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In Q1 2020, American Express reported revenues of $10.3 billion, which was 1% less than the previous year. This could be attributed to an 4% y-o-y drop in Non-Interest Revenues. Further, the provision for credit losses increased by 224% y-o-y to $2.6 billion due to expected losses on outstanding loans.
American Express stock has suffered as states and countries are on lockdown, which could hurt consumer spending and the global credit card industry. Further, the company has co-branding card arrangements with several hotel chains and airlines, e.g., Delta Air Lines, Marriott International, British Airways, Hilton Worldwide Holdings, etc. Notably, the Delta co-brand portfolio represented approximately 8% of its worldwide billed business and roughly 22% of worldwide Card Member loans as of December 31, 2019. With hotel occupancy rates and the global travel industry being worst hit by the Coronavirus outbreak due to travel bans and widespread panic, it could impact the credit card giant’s revenue prospects for the year. While the Q1 results were on the similar lines, we believe the company’s results for Q2 will further confirm this reality with a drop in revenues across all the segments.
American Express is a global financial services company, whose principal products and services include charge and credit card products along with travel-related services to consumers and businesses across the globe. It’s the third-largest player in card transaction volumes in the U.S. after Visa and MasterCard with $1.1 trillion of billed business in 2018.
American Express has three operating business segments: Global Consumer Services Group, Global Commercial Services, and Global Merchant and Network Services.
The American Express Issued (proprietary) Cards command an average Discount Fee (commission charged to merchants as a percentage of the dollar value of the transaction) of about 2.48% compared to the industry average of 1.9% primarily on account of a higher income/spending cardmember base with an average spending per cardmember 2-4 times that of the competitors. This lets American Express charge higher Interchange rates (the portion of Discount Fee that goes to the Issuing Bank) since it brings higher spending customers to merchants. In order to maintain and attract high-income consumers, American Express offers greater promotions and membership rewards, which again are afforded only by the higher Interchange Rate. This is American Express’s much-publicized ‘Spend-Centric Model’ wherein American Express stands to earn more per transaction (4-8 times per transaction compared to the competition), leading to a higher proportion of Transaction Fees compared to competitors.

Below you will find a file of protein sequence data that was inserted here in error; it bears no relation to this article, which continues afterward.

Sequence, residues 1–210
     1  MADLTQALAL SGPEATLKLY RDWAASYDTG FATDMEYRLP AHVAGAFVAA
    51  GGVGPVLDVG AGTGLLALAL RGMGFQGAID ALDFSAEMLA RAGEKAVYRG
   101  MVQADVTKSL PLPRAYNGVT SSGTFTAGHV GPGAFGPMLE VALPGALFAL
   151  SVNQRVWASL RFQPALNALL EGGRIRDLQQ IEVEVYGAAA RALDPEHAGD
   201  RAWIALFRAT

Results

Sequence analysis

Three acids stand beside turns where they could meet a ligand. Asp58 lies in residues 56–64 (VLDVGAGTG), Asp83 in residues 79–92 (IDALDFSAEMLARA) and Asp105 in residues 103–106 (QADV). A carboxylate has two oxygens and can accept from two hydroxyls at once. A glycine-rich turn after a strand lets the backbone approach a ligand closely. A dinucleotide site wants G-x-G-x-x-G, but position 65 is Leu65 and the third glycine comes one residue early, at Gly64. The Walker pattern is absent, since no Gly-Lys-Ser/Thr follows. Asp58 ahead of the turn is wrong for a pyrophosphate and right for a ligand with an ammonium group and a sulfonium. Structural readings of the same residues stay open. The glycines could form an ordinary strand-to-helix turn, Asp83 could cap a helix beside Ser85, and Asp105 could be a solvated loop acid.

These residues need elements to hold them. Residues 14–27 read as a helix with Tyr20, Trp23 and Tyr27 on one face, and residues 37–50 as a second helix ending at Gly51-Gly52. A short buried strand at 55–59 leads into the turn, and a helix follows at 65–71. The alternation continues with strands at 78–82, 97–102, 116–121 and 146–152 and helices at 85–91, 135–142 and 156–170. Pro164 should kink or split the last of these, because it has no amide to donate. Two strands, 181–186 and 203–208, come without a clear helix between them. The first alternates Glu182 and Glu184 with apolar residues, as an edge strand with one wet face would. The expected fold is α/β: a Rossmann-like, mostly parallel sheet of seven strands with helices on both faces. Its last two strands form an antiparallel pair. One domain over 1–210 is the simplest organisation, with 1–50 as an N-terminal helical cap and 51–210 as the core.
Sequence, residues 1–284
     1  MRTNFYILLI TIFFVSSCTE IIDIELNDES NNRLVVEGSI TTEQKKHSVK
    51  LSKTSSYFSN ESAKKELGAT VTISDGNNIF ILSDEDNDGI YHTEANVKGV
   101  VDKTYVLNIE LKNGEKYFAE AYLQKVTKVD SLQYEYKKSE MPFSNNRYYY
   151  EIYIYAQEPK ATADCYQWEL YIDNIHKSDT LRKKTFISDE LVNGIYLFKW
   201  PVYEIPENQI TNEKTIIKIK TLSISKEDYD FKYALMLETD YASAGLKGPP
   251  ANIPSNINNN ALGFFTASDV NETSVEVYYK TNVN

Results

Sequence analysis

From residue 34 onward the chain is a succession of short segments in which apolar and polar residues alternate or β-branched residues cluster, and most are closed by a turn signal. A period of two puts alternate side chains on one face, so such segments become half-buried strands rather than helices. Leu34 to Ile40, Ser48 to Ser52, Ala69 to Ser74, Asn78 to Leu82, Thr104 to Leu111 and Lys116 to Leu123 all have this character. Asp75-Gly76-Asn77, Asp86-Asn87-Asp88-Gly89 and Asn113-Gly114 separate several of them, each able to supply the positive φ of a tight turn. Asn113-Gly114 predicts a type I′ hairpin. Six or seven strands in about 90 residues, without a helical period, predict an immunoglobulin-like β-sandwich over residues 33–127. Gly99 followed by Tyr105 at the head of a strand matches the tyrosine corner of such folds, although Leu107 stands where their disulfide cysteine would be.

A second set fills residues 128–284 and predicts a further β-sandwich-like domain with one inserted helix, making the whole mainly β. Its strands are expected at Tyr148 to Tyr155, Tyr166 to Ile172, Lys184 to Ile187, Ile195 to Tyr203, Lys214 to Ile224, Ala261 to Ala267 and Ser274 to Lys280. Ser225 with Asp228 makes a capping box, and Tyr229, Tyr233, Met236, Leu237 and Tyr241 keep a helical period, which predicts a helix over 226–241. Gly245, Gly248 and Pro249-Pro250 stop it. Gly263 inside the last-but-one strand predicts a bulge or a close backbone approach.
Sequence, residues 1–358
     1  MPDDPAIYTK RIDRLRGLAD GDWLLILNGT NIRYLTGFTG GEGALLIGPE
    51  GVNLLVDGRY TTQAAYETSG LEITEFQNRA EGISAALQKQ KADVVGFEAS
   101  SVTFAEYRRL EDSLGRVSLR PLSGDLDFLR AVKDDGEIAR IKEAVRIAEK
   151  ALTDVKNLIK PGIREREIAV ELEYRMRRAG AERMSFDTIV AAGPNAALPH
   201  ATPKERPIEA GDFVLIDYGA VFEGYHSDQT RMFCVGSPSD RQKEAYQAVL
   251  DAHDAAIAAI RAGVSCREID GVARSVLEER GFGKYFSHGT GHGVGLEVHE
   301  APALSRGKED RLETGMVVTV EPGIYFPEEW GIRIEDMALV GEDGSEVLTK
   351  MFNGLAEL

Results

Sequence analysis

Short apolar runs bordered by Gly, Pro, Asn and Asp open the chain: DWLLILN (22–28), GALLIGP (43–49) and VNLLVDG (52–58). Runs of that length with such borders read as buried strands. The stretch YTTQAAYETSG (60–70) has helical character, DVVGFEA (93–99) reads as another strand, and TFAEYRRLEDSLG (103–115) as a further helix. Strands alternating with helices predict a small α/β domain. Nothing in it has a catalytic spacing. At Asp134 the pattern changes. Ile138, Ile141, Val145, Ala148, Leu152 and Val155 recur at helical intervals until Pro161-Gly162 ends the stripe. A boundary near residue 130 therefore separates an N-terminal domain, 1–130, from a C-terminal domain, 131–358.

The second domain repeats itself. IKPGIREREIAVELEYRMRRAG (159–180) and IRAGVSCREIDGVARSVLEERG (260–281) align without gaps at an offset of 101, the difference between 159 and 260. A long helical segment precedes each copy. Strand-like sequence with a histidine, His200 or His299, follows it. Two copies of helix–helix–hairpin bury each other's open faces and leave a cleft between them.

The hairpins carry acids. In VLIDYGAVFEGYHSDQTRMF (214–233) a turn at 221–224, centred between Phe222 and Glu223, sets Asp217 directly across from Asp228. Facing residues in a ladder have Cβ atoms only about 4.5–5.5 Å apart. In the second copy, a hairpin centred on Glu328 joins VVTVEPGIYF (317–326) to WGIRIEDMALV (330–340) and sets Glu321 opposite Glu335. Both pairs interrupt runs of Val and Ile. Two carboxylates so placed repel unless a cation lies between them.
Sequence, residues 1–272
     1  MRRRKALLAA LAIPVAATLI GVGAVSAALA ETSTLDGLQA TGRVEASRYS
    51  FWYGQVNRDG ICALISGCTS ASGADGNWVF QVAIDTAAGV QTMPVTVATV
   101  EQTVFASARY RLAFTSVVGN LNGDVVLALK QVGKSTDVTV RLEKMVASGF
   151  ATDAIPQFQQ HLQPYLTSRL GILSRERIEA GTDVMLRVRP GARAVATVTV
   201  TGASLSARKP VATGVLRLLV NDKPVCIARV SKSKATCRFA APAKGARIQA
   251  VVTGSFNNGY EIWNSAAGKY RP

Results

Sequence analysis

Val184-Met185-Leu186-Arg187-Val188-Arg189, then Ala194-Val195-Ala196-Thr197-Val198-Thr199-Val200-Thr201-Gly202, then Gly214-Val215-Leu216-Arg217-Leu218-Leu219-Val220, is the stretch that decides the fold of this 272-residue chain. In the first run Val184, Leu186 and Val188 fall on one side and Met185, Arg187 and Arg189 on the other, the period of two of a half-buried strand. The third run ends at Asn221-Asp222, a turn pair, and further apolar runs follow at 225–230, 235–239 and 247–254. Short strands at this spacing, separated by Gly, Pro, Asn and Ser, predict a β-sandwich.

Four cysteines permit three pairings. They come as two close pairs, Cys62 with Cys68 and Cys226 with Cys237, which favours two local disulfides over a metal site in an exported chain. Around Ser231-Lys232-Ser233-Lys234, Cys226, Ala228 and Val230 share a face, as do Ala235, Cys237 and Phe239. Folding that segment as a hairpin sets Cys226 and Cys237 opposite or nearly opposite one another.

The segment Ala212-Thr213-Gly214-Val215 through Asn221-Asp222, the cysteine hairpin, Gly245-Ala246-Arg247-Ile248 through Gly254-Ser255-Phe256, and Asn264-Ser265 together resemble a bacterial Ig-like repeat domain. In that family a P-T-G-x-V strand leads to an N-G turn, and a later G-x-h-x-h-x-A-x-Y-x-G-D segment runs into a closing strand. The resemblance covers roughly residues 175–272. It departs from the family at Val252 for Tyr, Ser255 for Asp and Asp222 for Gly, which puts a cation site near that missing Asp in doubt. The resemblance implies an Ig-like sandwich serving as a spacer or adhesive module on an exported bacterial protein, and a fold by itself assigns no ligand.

American Express’ crucial competitive advantage is its Closed-Loop Network, wherein it serves as the Issuing Bank, the Network Provider, and also the Acquiring Bank in a proprietary card transaction. This not only lets American Express earn the entire Discount Fee on any transaction but also allows it to analyze the trends and spending patterns among the various segments of its cardmember base and provide targeted marketing, analytical, and value-added services to the merchants in the process.
Below are some trends which could have a significant impact on American Express and the credit card industry in general:
Mobile phone payments are rapidly gaining popularity, coinciding with the surge in smartphone sales. An increasing number of smartphones manufactured now utilize near-field communication (NFC) chips, which facilitate mobile payments. Mobile payments stood at $620 billion in 2016 and are expected to reach $1 trillion in 2020, as an increasing number of phones incorporate near-field communication (NFC) chips to facilitate mobile payments. Meanwhile, mobile payments in the U.S. are expected to grow from $27 billion in 2015 to $100 billion in 2020, with per-user spend set to close to double from $720 in 2016 to $3,000 in 2020. Over the 2017-2020 period, the percentage of smartphone users making payments through mobile phones is expected to grow from 15.3% to 27.3%, with the average spend per user growing from $721 to $3,017.
Americans are the highest non-cash users. A research by MasterCard indicated that in 2014, non-cash penetration was around 44% of total Personal Consumption Expenditure. This indicates that consumers are spending a significant amount through cards rather than with either cash or checks. The trend is only expected to continue in the future. Outside of the U.S., non-cash penetration is much lower, but the use of cards is expected to increase at a higher rate in emerging markets than the mature markets.
Cards are a preferred mode of payment for online shopping. Online retail sales in the U.S. have been growing at a staggering rate over the past decade. The card transaction volumes have moved from predominantly travel sales (air tickets, car rentals, and hotel reservations) to non-travel and entertainment (T&E) areas such as personal and home care products, electronics, books, and clothing. Rising online sales are expected to benefit card transaction volumes.
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